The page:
As with our first reflection, the entry shared remains as originally captured, changing only identity information.  It is important to listen to the author’s intent and emotion rather than dwell on any particular word or phrasing.  While the words themselves are chosen by just one, it is imperative to remember the sentiment is likely shared by many. By doing so we can then choose our information, sharing, discussions, and planning on the basis of the information receiver, the “end user” as it were.  Use the questions that follow the entry to guide this thinking and planning as we navigate this change and assist our stakeholders in doing the same.

 

“Scared, frustrated, nervous, anxious, and overwhelmed” are only a few words to describe how my daughter and I are feeling about her being an STAAR EOC student. Not only has the STAAR exam scared us from the jump, but it’s more frustrating to me as a parent to see how unprepared some of our teachers and districts really are.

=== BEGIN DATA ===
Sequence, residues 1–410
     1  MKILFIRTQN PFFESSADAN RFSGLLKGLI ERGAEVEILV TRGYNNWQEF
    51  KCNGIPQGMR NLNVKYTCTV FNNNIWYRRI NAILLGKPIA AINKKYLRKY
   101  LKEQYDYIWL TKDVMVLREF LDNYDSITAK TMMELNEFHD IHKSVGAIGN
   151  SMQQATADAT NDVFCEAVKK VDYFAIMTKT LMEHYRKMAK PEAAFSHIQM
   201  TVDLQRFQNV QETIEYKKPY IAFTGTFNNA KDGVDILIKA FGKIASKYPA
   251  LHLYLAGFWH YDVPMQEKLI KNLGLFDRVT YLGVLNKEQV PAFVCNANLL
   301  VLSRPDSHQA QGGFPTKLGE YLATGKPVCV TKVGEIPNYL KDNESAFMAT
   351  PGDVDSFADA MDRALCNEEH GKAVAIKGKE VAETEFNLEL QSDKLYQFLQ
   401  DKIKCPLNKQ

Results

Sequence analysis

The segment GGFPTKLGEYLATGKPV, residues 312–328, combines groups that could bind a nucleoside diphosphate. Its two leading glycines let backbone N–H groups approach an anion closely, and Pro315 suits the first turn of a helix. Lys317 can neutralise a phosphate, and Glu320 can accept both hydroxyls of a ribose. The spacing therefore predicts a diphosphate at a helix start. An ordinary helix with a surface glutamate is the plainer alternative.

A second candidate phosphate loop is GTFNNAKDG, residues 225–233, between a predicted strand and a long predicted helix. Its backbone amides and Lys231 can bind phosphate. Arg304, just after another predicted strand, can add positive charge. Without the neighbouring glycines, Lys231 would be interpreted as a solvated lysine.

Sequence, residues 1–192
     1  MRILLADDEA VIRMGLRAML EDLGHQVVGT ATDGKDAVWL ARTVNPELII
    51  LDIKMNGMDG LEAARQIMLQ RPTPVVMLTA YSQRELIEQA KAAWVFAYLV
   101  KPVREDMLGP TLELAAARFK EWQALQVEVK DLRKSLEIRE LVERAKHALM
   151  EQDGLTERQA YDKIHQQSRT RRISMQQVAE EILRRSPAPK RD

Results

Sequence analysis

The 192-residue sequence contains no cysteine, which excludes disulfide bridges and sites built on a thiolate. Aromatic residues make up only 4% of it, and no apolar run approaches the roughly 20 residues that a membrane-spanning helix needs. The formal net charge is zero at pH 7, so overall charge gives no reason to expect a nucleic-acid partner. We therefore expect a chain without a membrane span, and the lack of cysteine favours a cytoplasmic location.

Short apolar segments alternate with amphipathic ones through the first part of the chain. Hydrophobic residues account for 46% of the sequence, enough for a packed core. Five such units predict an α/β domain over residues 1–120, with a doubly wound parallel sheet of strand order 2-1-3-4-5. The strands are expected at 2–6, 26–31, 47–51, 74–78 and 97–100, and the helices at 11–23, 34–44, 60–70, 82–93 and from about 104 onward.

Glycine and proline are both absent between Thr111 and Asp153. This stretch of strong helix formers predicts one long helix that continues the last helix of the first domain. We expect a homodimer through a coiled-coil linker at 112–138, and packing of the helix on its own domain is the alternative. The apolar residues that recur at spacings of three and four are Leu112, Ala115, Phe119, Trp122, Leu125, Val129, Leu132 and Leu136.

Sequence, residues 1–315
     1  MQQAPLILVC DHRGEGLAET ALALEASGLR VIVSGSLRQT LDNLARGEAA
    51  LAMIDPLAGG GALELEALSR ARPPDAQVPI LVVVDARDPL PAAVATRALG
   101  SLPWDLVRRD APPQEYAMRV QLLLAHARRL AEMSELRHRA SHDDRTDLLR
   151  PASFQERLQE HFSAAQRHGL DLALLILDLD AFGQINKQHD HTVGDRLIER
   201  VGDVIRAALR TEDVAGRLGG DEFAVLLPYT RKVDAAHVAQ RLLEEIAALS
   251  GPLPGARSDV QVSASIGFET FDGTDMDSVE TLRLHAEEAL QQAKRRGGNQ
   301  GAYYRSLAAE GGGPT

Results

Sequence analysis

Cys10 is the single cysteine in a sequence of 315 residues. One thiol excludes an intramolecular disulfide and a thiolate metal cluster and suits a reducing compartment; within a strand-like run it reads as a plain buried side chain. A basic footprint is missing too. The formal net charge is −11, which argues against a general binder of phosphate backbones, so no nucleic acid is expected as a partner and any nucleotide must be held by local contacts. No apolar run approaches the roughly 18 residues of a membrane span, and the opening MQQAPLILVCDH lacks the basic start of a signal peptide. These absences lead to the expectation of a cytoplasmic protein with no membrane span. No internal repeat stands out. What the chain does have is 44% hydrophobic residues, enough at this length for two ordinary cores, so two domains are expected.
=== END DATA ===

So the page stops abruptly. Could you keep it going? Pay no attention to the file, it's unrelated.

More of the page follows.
As a parent I would love to be able to sit with my district administrators and/or my child’s teacher to receive information regarding the details of being a STAAR EOC student, but if the information is not there how am I to obtain the information and ensure my EOC student all will be ok? Perhaps more trainings on the district and parent levels are needed in order to “calm” the fears of everyone involved. If not, the next round of STAAR testing will have the same amount of “panic” as it did when first administered.

 As with anything, we will come to adjust to what is required for our STAAR EOC students, but in that adjustment guidance on all levels would help with the fears and uncertainty of the districts, parents, and STAAR EOC students.

 

  • What is this parent really telling us; what concerns can be heard?
  • Can you identify with or empathize with the parent?
  • How well do you think ________________________?
  • How well do we consider those parents with additional challenges, such as language or education level barriers?
  • How can we be more purposeful in helping our communities learn and grow with us in today’s educational environment?

The Power of Reflective Practice

Friday, November 2nd, 2012